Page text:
A friend who works for a well-known frame builder told me an additional oxygen tank would get my flame about as hot as I need it. What do you folks think?

    Someone is selling and Oxy/Acetylene setup on craigslist for $150, which is a great deal, but apparently I need to be a certified welder to have the tanks filled. I also don't really have the space in my apartment.

    *Sorry to treat this forum as a blog, but I know a lot of people ask about MAPP, so I thought I would share my experiences for their future reference.

  7. #7
    Senior Member hockeyteeth's Avatar
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    Quote Originally Posted by Peterpan1 View Post
    I assume you have the correct flux for silver? The one in evidence isn't the one I use, but that doesn't mean anything.
    I'm using Harris Stay-Silv white flux.

  8. #8
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    Quote Originally Posted by hockeyteeth View Post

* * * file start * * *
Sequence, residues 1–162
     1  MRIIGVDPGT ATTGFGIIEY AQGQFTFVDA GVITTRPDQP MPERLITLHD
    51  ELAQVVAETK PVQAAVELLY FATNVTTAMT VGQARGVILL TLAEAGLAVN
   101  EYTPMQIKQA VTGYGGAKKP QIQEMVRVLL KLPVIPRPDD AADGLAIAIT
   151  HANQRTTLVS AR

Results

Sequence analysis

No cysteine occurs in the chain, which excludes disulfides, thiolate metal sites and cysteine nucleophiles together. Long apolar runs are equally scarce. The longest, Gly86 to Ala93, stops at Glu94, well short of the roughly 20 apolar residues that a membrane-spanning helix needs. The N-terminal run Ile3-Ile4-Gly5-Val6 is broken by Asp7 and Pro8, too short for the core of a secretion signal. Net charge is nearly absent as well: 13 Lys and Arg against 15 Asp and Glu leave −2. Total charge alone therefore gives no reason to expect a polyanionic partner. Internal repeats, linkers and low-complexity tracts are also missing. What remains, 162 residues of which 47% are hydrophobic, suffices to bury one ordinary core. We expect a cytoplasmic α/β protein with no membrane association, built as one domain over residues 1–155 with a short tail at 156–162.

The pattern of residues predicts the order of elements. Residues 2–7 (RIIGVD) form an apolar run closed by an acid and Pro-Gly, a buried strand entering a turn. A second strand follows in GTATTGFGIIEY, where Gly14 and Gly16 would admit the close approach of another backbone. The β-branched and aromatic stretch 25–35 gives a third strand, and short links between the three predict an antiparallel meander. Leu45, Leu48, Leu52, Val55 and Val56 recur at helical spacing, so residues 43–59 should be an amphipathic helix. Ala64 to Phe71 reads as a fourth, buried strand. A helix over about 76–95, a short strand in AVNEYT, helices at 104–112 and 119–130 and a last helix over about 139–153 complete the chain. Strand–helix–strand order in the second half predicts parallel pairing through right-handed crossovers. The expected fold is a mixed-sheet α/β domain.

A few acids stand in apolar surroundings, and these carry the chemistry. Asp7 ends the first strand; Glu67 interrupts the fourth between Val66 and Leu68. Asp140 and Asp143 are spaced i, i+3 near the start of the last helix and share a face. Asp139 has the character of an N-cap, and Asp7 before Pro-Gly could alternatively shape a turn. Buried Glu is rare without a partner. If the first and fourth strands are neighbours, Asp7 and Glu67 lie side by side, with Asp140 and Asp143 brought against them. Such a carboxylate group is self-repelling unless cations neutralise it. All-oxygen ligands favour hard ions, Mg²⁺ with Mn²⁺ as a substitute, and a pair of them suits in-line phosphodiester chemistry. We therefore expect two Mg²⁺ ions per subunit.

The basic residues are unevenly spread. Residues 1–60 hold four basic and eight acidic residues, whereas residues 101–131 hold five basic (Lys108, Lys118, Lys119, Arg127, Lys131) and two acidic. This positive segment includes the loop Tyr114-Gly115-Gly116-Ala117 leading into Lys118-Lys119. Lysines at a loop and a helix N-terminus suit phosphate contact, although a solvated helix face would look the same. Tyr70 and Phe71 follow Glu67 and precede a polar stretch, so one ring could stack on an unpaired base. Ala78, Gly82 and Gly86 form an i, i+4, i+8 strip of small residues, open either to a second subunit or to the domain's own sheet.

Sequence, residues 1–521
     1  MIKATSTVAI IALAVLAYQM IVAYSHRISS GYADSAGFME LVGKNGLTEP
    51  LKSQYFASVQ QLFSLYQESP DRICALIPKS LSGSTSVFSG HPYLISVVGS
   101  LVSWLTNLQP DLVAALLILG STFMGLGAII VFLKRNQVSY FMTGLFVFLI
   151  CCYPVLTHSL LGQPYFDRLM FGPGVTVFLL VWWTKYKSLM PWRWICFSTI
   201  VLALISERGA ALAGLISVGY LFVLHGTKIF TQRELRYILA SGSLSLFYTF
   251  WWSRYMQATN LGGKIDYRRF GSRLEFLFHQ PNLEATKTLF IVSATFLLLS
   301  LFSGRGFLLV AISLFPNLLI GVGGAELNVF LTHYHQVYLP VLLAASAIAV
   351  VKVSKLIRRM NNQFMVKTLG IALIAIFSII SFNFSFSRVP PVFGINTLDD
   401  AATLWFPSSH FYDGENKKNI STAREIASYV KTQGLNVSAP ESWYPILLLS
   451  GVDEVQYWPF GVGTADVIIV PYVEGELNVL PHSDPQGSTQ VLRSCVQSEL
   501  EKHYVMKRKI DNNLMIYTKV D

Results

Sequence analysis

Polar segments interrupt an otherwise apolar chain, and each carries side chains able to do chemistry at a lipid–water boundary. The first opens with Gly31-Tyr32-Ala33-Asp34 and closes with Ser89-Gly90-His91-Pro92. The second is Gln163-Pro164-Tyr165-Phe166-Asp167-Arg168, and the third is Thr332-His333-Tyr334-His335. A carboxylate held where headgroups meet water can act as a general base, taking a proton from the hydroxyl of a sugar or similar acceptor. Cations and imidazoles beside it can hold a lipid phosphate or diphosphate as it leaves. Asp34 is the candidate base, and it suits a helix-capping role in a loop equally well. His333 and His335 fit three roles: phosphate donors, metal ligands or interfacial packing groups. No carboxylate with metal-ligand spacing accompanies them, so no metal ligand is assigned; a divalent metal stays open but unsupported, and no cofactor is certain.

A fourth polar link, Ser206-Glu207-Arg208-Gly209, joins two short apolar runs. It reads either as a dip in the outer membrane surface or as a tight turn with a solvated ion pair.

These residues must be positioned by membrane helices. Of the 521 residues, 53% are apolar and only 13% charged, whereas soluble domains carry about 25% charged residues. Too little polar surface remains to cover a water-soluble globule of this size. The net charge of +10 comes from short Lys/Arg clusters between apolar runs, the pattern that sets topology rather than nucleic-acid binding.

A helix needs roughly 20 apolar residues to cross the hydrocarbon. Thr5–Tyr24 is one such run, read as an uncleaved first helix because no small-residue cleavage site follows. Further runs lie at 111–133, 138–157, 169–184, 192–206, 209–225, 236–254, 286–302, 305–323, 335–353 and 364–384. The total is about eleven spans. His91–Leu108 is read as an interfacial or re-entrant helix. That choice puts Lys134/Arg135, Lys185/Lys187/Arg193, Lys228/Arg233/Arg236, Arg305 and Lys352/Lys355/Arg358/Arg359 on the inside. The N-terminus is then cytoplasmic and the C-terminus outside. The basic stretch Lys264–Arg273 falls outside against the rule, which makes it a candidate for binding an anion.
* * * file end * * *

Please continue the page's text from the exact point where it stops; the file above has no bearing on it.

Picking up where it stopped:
I believe the beefy fork ends absorbed all the heat and would not allow the brass to bond properly.

    A friend who works for a well-known frame builder told me an additional oxygen tank would get my flame about as hot as I need it. What do you folks think?

    Someone is selling and Oxy/Acetylene setup on craigslist for $150, which is a great deal, but apparently I need to be a certified welder to have the tanks filled. I also don't really have the space in my apartment.


    first of all congratulations. i guess your pride on the newborn excuses misusing the board as a blog.

    however i actually plan on gathering some brazing technics myself too, hence i found your board. this whole field of building your own bike and parts is just too exciting to let others have all the fun ( and even get paid for it )

    i did some research on the equipment i need, several people recommended the following setup as a starter. here in germany theres a pretty old company -rothenberger - actually they are the main cause most water and heat pipes are made of brazed copper in germany nowadays, and you can find their sets in each home improvemnt store for small money.